US 6638857 B1
An e-beam deposition method and apparatus uses a metallic target and localized oxygen ambient to produce an oxide film for deposition. A metallic target is first heated, then exposed to a stream of oxide, resulting in the formation of a relatively thin layer of oxide on the metallic target surface. Since the oxide has a higher vapor pressure than the underlying metal, when the target is impinged by an electron-beam current, the oxide will preferentially vaporize and be deflected toward the surface to coated.
1. A method of depositing an oxide film on an exposed device surface, the method comprising the steps of:
a) providing a device to be processed;
b) providing a metallic target;
c) heating said metallic target to a temperature sufficient to cause vaporization;
d) forming a thin oxide layer on a surface of said heated metallic target;
e) striking said thin oxide layer with an electron beam current so as to release vaporized oxide from said target; and
f) deflecting said vaporized oxide toward said device provided in step a), wherein said oxide will deposit on the exposed device surface.
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The present invention relates to an e-beam deposition method and apparatus for oxide films and, more particularly, to the use of a metallic target and oxygen ambient to produce high purity oxide films.
Certain oxide films, for example, tantalum oxide, are often used as a dielectric coating for laser facets and other optic devices. Compared to various other coatings (such as silicon dioxide or silicon nitride), tantalum oxide has been found to provide superior optical and electrical qualities, as well as improved environmental stability when compared with other oxide materials. The conventional prior art practice of depositing tantalum oxide films utilizes tantalum oxide (Ta2O5) target material in an e-beam deposition chamber, the tantalum oxide target material being provided in granular, chunk or slug form. The target material is placed in a crucible and heated by electron impact to a temperature sufficient to produce a significant Ta2O5 vapor pressure.
E-beam deposition of oxide materials is typically troublesome for a number of reasons. First, the commercially available target oxide materials are not of high purity.
Additionally, oxides by their very nature are poor conductors of electrical current. In e-beam processing, this poor conduction quality produces surface charging of the target source material, making it extremely difficult to control the distribution of the e-beam current striking the target. As a result, the oxide target heats unevenly, producing irregular evaporation rates, spatially non-uniform flux distributions, and “tunneling” of the beam into the target material. All of these problems result in inefficient use of the oxide target material, as well as unpredictable flux distributions. As a result, the deposited oxide films are of relatively low purity and are often distributed in a non-uniform manner across the facet surface.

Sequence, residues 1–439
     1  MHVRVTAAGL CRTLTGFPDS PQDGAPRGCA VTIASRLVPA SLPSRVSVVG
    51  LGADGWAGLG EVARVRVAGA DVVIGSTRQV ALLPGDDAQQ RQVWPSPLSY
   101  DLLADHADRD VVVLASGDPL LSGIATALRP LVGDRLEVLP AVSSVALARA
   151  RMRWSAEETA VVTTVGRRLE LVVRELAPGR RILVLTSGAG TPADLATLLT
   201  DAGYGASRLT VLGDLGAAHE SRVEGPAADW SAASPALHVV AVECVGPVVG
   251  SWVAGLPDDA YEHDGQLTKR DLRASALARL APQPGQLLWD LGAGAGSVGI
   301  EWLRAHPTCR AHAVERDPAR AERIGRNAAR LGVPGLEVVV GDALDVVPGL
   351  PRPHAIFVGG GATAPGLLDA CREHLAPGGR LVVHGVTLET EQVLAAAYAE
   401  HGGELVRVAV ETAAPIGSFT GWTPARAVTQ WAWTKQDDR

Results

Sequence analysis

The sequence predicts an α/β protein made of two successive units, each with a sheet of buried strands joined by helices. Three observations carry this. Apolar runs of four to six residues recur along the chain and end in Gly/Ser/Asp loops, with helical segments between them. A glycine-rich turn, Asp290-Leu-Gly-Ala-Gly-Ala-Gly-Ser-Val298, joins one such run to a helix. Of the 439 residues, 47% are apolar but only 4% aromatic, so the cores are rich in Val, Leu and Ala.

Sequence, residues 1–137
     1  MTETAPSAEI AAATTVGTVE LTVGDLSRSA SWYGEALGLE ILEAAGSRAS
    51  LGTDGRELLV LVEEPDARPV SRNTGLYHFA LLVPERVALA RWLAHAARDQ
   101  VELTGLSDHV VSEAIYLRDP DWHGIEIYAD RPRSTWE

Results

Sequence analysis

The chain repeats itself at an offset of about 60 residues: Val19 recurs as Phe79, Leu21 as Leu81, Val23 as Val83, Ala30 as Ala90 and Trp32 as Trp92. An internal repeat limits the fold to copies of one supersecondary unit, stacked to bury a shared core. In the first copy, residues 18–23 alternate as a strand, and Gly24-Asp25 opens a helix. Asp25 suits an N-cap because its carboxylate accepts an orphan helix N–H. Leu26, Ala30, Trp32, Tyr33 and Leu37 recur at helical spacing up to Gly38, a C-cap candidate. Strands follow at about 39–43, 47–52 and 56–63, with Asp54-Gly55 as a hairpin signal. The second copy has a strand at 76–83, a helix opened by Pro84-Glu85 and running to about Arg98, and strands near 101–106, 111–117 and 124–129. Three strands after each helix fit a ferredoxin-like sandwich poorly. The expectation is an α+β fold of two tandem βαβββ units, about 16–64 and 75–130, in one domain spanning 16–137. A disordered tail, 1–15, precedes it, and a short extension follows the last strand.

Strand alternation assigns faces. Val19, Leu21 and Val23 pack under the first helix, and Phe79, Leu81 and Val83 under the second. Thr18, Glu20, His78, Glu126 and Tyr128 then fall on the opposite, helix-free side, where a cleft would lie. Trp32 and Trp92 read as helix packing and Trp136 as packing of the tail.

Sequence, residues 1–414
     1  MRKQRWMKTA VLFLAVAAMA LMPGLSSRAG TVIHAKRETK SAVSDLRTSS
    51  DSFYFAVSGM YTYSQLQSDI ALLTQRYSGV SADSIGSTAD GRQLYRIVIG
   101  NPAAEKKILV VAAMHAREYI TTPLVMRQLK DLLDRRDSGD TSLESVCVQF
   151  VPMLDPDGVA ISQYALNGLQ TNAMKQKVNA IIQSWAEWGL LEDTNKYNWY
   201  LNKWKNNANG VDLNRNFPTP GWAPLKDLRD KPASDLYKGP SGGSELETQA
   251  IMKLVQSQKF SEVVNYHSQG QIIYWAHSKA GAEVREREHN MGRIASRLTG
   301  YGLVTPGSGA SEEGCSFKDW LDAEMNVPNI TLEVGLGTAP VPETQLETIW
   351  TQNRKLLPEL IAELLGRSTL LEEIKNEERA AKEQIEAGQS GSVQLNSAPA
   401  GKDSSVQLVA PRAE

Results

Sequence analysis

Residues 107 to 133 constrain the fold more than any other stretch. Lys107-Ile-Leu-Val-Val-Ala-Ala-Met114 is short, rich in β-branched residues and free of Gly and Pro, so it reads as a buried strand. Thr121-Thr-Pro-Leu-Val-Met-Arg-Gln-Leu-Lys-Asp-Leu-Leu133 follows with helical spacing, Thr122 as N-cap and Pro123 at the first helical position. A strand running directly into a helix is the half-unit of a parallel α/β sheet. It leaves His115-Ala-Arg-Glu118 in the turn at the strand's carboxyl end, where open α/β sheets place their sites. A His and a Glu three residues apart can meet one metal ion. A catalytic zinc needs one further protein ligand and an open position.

A need remains in the prior art, therefore, for an improved process of depositing oxide films, such as tantalum oxide, on exposed facet surfaces of optical devices.
The need remaining in the prior art is addressed by the present invention, which relates to an e-beam deposition method and apparatus for oxide films and, more particularly, to the use of a metallic target and oxygen ambient to produce high purity oxide films. In accordance with the present invention, a metallic target, such as tantalum or tungsten, is used as the source for the e-beam deposition process. The metallic target material is then heated and a gas source is used to supply a stream of oxygen over the surface of the heated target. The oxygen stream functions to oxidize a minimal surface depth of the metallic target, where the oxide layer is thick enough to allow for the vaporized oxide to escape the target upon application of an e-beam current. Since the vapor pressure of the oxide is approximately four orders of magnitude greater than the metal, the oxide will preferentially vaporize in the presence of the e-beam current. An advantage of the apparatus and method of the present invention is that commercially supplied metallic tantalum (or tungsten) is generally higher in purity than the prior art tantalum (tungsten) oxide targets, resulting in the deposition of a higher quality film. Further, since a metallic target, by its nature, is more conductive than an oxide target, the metallic target of the present invention will exhibit a significantly lower surface charge than the insulative prior art oxide target, resulting in reduced deflection of the incoming e-beam and improved uniformity of the beam current density across the surface of the target. Additionally, the improved thermal conductivity of the metallic target, when compared with the oxide target, allows for the heat to be spread more uniformly over the target surface, further improving the uniformity of the surface oxide generation.
Other and further advantages of the present invention will become apparent during the course of the following discussion and by reference to the accompanying drawings.
Referring now to the drawings,
FIG. 1 illustrates an exemplary e-beam system utilizing a metallic target and oxygen source in accordance with the present invention; and